Researchers from Università di Bologna and CINECA, the largest supercomputing center in Italy, have been playing with the concept of developing a RISC-V supercomputer. The team has laid the grounds for the first-ever implementation that demonstrates the capability of the relatively novel ISA to run high-performance computing. To create a supercomputer, you need pieces of hardware that seem like lego building blocks. Those are called clusters, made from a motherboard, processor, memory, and storage. Italian researchers decided to try and use something different than Intel/AMD solution to the problem and use a processor based on RISC-V ISA. Using SiFive’s Freedom U740 SoC as the base, researchers named their RISC-V cluster “Monte Cimone.”

Monte Cimone features four dual-board servers, each in a 1U form factor. Each board has a SiFive’s Freedom U740 SoC with four U74 cores running up to 1.4 GHz and one S7 management core. In total, eight nodes combine for a total of 32 RISC-V cores. Paired with 16GB of 64-bit DDR4 memory operating at 1866s MT/s, PCIe Gen 3 x8 bus running at 7.8 GB/s, one gigabit Ethernet port, USB 3.2 Gen 1 interfaces, the system is powered by two 250 Watt PSUs to support future expansion and addition of accelerator cards.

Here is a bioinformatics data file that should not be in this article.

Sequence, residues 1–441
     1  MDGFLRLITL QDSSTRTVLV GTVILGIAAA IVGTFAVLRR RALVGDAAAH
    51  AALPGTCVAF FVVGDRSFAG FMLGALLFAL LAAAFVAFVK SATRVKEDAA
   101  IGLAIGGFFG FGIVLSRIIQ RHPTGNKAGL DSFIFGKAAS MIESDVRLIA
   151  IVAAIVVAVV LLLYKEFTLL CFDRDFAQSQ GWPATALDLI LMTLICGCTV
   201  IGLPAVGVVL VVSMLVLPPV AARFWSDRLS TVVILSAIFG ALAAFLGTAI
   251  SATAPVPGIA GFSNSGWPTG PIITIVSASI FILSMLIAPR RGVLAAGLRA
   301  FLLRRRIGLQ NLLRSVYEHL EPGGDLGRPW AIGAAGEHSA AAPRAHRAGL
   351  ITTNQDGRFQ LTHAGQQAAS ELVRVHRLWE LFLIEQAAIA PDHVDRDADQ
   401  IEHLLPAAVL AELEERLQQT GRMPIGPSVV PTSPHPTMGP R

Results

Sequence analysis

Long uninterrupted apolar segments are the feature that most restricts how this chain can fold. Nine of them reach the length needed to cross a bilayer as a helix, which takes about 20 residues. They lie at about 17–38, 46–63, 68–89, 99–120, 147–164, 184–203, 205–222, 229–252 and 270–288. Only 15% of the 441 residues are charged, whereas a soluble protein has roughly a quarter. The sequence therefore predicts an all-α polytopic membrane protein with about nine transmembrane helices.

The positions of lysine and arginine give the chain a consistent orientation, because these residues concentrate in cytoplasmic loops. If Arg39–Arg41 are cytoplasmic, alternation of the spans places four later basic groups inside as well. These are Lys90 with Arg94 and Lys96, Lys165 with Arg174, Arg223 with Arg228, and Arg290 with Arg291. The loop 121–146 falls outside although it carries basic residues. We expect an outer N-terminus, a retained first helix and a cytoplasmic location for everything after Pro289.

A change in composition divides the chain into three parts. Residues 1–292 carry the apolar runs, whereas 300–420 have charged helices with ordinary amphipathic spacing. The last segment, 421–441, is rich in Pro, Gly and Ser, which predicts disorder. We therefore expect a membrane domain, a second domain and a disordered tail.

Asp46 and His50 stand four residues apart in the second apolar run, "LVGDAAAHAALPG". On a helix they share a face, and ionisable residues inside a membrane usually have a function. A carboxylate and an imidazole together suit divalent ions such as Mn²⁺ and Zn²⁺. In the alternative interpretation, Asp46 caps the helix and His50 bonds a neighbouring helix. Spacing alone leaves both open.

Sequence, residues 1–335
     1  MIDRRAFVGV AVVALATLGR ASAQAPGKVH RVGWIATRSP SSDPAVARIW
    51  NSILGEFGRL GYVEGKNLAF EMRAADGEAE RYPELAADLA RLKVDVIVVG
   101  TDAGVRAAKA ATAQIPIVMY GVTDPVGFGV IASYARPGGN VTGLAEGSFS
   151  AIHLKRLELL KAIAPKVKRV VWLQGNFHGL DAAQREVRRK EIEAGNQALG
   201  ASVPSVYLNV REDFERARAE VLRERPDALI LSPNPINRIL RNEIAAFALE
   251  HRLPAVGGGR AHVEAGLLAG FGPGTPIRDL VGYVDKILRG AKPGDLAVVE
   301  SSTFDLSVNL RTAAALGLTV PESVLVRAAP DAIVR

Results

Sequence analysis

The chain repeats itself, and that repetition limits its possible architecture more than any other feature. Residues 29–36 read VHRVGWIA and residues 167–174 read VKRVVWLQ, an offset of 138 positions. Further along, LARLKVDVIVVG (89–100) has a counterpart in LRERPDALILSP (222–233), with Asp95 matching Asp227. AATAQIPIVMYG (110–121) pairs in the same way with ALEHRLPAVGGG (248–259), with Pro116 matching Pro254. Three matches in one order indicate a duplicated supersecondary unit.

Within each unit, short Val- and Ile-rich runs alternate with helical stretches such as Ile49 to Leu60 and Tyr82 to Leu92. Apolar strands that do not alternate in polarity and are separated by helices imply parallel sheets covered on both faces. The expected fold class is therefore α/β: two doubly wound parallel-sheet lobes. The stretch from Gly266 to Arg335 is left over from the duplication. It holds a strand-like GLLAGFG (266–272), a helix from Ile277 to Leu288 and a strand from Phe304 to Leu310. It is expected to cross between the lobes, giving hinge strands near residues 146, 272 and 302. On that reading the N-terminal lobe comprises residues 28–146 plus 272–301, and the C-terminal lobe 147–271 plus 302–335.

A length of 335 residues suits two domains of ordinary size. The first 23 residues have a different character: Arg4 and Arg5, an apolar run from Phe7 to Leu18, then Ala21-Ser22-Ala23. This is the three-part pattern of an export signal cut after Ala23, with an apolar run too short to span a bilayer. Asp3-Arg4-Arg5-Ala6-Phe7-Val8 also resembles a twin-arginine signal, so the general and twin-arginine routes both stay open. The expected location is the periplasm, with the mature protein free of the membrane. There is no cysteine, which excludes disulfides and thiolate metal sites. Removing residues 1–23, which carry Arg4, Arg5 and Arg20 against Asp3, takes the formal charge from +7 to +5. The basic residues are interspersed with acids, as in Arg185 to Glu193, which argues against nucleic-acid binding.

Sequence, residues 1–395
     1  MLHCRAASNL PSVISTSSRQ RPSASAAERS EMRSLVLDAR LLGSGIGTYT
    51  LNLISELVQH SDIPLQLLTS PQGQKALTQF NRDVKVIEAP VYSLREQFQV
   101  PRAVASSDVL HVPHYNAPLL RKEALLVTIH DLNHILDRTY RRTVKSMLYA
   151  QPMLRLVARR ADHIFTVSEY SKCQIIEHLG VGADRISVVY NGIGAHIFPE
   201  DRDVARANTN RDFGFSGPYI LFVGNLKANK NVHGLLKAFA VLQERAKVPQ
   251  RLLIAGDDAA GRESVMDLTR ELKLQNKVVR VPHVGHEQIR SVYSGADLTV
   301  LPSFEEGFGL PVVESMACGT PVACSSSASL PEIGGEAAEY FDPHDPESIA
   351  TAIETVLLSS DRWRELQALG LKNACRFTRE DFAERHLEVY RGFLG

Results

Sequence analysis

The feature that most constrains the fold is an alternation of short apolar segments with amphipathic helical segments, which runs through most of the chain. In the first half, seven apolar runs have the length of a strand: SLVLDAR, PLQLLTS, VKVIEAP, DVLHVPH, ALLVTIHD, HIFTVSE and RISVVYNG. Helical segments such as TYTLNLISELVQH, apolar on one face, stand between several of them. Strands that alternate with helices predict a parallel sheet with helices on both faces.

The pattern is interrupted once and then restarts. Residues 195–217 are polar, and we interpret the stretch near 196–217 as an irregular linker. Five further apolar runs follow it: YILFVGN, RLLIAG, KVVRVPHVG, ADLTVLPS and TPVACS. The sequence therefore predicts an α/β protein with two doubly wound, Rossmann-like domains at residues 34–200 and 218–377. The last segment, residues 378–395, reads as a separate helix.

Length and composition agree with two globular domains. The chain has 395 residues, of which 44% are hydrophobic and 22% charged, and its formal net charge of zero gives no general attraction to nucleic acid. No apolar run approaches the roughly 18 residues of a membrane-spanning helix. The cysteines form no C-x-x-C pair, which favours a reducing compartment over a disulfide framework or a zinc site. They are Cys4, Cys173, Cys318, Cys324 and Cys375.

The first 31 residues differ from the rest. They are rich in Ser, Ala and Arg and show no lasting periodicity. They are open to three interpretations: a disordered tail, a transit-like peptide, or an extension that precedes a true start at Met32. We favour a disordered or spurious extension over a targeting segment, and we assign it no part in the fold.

The team over in Italy benchmarked the system using HPL and Stream to determine the machine’s floating-point computation capability and memory bandwidth. While the results are not very impressive, they are a beginning for RISC-V. Each node produced a sustained 1.86 GFLOPS performance in HPL, with a total computing power of 14.88 GFLOPS with perfect linear scaling. However, the efficiency for the entire cluster was 85%, resulting in 12.65 GFLOPS of computational force. The node should achieve a 14.928 GB/s in memory bandwidth; however, the actual results were 7760 MB/s.

These results show two things. Firstly, the RISC-V HPC software stack is mature but needs further optimization and faster silicon to achieve anything monumental like weather simulation. Secondly, it shows that scaling in the HPC world is quite tricky and requires careful optimization to get the hardware and software to coexist in a world where everything scales well. So to get to a point where we meet some of the scaling and performance of supercomputers like Frontier, RISC-V needs a lot more tuning. Researchers and engineers are working hard to bring that idea to life, and it is a matter of time before we see more robust designs appear.



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